To actually incur the wrath of their lawyers, my statement has to look like it is making a specific allegation against them, like they ripped me off. In *that* case, their lawyers might want to consider that I might actually have documentary evidence proving that, in my case, they failed to "live up to their high standards of customer service". If I have my day in court and convince my peers that I have a case, it is then quite legal for *everyone* to say that megacorp are a wunch of proven bankers.
It's not all stacked on the side of the rich megacorps. Consider how Starbucks responded to the tax brouhaha by making some voluntary payments to the Inland Revenue. They had the law on their side and weren't even taken to court and they *still* felt they needed to give way for the sake of PR.
Re: If you want your private life to remain private
"Other instances are: when your name appears on any public records (company records, electoral rolls, official gazettes, ...), when you for whatever reason make the news (you're an athlete and appear in competition results, which are btw aggregated by various sites that create "your profile", you're a researcher who publishes papers─also aggregated─or you have made a noteworthy discovery, you found oil in your backyard, ...)"
None of these examples invade your privacy and none of them are different now from how they were a generation ago. What's different now is that people choose to put genuinely private material online (apparently in the belief that the web is like one-way glass) and the way that a computer can automatically trawl through everything so there's no need to hire a traditional private eye to build a file on a random person. The first is the technology out-stripping our social intelligence and I was reading the other day that present-day teens are much more wary about social media than the previous generation. (This is the "Facebook is for parents" generation.) The second might well remedy itself if the next generation grows up to view such trawling as grossly invasive, like peering through a bathroom window.
Society has changed an awful lot since we were running around on African grasslands. The legal framework is often one step behind technological reality but rarely more than two. It is within our power to protect privacy and my guess is that future generations will do just that.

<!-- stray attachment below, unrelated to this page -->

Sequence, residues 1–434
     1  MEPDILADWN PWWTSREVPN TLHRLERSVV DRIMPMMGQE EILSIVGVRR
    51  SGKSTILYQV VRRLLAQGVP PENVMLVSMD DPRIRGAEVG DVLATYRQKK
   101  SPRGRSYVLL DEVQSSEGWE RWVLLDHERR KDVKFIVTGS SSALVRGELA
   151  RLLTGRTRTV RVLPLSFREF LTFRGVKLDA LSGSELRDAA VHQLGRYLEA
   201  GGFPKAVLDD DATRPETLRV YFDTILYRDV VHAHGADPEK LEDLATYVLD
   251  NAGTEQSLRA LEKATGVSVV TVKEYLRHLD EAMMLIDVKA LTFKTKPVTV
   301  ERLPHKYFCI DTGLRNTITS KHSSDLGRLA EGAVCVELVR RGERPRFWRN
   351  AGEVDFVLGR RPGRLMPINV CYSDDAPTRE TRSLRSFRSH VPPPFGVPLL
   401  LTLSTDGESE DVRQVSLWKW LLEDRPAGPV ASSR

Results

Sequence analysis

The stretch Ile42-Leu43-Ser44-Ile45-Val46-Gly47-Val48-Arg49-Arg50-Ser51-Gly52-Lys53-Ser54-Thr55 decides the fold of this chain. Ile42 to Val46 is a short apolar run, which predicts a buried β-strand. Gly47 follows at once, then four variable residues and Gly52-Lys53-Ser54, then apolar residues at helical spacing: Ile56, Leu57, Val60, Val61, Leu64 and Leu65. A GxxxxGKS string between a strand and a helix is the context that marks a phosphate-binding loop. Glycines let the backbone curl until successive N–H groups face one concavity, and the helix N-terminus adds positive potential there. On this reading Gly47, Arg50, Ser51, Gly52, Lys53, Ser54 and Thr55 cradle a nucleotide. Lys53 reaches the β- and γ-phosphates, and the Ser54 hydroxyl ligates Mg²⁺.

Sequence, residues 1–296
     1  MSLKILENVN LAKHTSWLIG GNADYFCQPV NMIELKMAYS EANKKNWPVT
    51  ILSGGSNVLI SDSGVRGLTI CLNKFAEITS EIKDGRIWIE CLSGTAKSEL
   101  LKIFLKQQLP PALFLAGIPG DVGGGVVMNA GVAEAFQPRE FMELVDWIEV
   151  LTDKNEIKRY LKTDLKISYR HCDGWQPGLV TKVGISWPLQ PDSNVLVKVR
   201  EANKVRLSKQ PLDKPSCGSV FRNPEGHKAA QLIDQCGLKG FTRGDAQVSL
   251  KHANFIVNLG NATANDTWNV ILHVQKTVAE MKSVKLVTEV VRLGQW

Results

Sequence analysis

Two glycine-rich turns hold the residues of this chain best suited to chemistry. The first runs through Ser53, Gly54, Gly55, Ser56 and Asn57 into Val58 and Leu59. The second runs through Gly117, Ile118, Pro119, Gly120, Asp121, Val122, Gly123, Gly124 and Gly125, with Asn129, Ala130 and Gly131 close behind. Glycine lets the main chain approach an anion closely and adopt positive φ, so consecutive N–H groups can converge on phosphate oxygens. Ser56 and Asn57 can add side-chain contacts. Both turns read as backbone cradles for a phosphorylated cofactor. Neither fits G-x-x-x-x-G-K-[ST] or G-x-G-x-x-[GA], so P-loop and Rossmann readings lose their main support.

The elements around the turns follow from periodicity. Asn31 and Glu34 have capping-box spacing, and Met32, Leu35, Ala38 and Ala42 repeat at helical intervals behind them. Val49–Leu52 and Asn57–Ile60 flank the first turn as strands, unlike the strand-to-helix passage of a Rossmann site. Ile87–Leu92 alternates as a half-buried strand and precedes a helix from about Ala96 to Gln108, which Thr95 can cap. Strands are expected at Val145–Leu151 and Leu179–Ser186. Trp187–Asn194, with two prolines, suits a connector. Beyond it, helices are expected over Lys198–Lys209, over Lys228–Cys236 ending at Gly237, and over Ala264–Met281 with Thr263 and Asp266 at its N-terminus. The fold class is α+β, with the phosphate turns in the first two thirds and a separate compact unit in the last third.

Re: Can't wait to add it to my spam filter
You mean you're *not* already blocking TLDs longer than 3 letters?
Re: Not Good
"no-one tell the Cornish and we'll see how long it takes for them to twig."
I think you'll find they twig pretty damn smartish and have toll gates up ready for the summer season.
Meanwhile, Intel are adding very wide GPU-like operations to their own instruction set and these, obviously, enjoy the same single view of memory. Sounds like the cycle of re-incarnation is nearing completion, with everything ending up on the one [CG]PU.
Re: You think you're having a bad time...
Most UIs these days are so badly designed that it would turn you into a swivel-eyed loon if you actually documented it in any detail. So ... you've been spared that fate, at least.
"Each of them sustains fusion very nicely."
Only for a few billion years. Then they're just litter.
Unless, of course, an improved understanding of plasma physics turns out to be just what we need to make ITER work. But hey, what are the chances of that happening.
Possibly true, and I'm sure Michael Faraday thanks you for re-iterating this point.
However, do note that there are several examples of services where you pay a flat rate to be connected (which may imply a cap on your rate of consumption) but are neither charged nor even metered for actual use. In the UK, nearly all roads are provided on this basis, water still is for a significant proportion of households, and broadband can work that way if you choose. (I suppose membership of a private club often also works like this.) The phrase "too cheap to meter" is not as dumb as it is usually made out to be.
Re: And it will be ready...
" the opportunities for remote working being a bit more realistic and practical"
Well if you have roughly £1000 per head of population to spend you could probably wire up the whole country with fibre and wireless. (Unless you let the big telcos run the project, of course.) In fact, you'd probably have enough cash left over to replace the Victorian signalling on the railways we already have.
"Sadly, economic markets generally do not consider long-term effects a relevant factor either, which is what has led us to this current state."